According to the Williams Institute, there are over 8 million adults in the United States that identify as gay, lesbian, or bisexual.18 The Williams Institute also suggested, that in 2016, there was an estimated 1.4 million adults that identified as transgender in the United States.19
The true extent of the population remains unknown due to sexual orientation concealment resulting from structural stigma and discrimination.9 This structural stigma has been associated with negative health outcomes amongst the LGBTQ population. These negative health outcomes include depression, anxiety, substance use disorders, suicide, and homelessness.10
LGBTQ youth often experience discrimination and stigma that stems from homophobic and transphobic attitudes.10 These attitudes are incited by social factors, such as social norms, culture, and religion.10
LGBTQ youth often face strained interpersonal relationships due to the stigma related to their sexual orientation and gender identity.13 Fjelstrom mentions that 85% of LGBT individuals are raised in a religious, homonegative environment.5 This environment can influence the decision for individuals to participate in sexual reorientation therapy, or sexual orientation change efforts (SOCE). The choice can be individual, coerced, or involuntarily forced by family members. 3,11 Since there are religions that denounce homosexuality, an individual may internalize homonegativity, and then seek out SOCE to remain active in the religious affiliation, or seek out SOCE to gain acceptance by the religious affiliation.11,17 Also, social norms, social cohesion, behavioral norms, moral behaviors, and maintaining social order can influence an individual’s decision in seeking out conversion therapy.11,16
There are several techniques that conversion therapists use in order to change one’s sexual orientation. These techniques can include: ceasing activities and suppressing interests that are seen as part of the ‘gay’ lifestyle.5,7 Participants of SOCE are encouraged to follow traditional gender roles and mannerisms that are deemed ‘heterosexual. Individuals are mandated to change manner of speaking, style of dress, and the way they non-verbally communicate.5 Other methods include being forced to pray, recite bible passages, accept homosexuality as a sin, and avoid spiritual damnation or going to hell.5,7,12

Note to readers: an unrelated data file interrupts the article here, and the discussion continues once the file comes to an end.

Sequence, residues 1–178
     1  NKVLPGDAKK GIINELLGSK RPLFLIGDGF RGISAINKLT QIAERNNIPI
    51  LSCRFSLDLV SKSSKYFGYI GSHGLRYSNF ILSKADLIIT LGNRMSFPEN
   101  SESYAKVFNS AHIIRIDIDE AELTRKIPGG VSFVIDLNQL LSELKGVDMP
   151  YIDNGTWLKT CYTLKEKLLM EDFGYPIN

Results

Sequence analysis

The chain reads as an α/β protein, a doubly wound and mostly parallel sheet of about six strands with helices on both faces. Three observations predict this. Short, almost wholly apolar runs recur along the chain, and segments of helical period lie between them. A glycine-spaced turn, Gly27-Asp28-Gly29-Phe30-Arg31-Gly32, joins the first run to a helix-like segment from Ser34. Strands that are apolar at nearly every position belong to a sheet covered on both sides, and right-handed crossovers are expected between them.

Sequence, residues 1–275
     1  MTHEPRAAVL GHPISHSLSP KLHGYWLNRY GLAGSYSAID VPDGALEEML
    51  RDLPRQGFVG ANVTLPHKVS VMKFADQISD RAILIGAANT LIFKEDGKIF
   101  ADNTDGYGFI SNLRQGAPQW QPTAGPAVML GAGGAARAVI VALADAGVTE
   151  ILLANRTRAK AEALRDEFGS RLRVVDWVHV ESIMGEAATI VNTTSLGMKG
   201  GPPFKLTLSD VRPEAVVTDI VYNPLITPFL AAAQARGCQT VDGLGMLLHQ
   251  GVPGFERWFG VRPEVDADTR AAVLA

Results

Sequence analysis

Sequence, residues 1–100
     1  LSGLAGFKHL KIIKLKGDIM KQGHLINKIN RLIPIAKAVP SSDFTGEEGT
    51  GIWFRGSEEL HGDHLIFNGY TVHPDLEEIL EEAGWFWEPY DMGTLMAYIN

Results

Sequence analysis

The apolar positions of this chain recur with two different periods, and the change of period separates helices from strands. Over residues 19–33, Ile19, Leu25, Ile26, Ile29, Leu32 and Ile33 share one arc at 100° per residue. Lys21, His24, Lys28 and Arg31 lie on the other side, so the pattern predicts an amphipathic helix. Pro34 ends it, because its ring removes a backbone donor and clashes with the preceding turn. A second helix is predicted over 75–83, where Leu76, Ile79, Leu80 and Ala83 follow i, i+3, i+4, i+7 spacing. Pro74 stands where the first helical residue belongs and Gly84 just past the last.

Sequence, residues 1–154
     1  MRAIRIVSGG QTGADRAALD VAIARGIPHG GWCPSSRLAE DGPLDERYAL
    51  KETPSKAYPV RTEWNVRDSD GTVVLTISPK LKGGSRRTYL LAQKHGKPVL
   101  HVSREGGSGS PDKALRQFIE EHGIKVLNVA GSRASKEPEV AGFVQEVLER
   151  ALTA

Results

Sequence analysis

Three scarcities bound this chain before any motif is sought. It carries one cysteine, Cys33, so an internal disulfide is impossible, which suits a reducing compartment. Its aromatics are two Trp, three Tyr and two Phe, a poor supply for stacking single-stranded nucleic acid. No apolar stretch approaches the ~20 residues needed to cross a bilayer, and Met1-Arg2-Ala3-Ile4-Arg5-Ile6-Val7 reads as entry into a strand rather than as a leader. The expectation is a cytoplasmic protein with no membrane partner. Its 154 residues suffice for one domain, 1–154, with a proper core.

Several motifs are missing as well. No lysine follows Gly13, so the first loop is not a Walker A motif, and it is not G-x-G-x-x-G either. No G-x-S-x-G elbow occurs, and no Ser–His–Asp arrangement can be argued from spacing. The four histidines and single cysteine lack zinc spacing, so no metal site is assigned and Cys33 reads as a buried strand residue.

Those who participate in conversion therapy have reported other techniques used such as abstinence training, social skills training, cognitive restructuring, masturbatory reconditioning, castration, ovary removal, electric shocks on genitals, physical abuse, and sexual abuse.2,4,12 During masturbatory reconditioning, the individual uses masturbation to modify their sexual preferences or as a response to socially appropriate fantasies (i.e. a homosexual male masturbating to the stimuli of women).12 Abstinence training involves the individual withstanding from sexual activities while undergoing SOCE4. Cognitive restructuring focuses on changing an individual’s ‘irrational’ thoughts against heterosexuality.12 Methods may also include religious practices, behavioral modification, cognitive reframing, and counseling as a way to change sexual orientation from homosexual to heterosexual.5
For individuals who willingly seek out conversion therapy, or who are coerced into receiving this type of therapy, there are a variety of negative impacts, which include: suicidal ideation, spiritual harm, loss of social support, sexual dysfunction, de-masculinization, inauthenticity, and feelings of disconnect.5,7,15 Also, struggling with homosexual feelings, and periods of asexuality can occur after conversion therapy.5 LGBTQ youth are extremely vulnerable due to a lack of legal protections regarding consent of SOCE.6 Also, parents of sexual minority youth may not have accurate information on sexual or gender identities in order to make an informed decision about conversion therapy.3
In 1973, the American Psychological Association (APA) removed homosexuality in the DSM.7 In response to the negative impacts of conversion therapy, the APA released the “Resolution of Appropriate Therapeutic Responses to Sexual Orientation” in 1997. In 2007, the APA also developed a Task Force on Appropriate Therapeutic Responses to Sexual Orientation.1 There are several organizations that have made statements denouncing conversion therapy including the AMA, AACAP, ACA, and several others.8 To date, there are 20 states that ban conversion therapy among minors and there are still 26 states that have no laws regarding the practice (See Figure 1).14
With so many organizations releasing statements for opposing conversion therapy, there are many that still need to do so.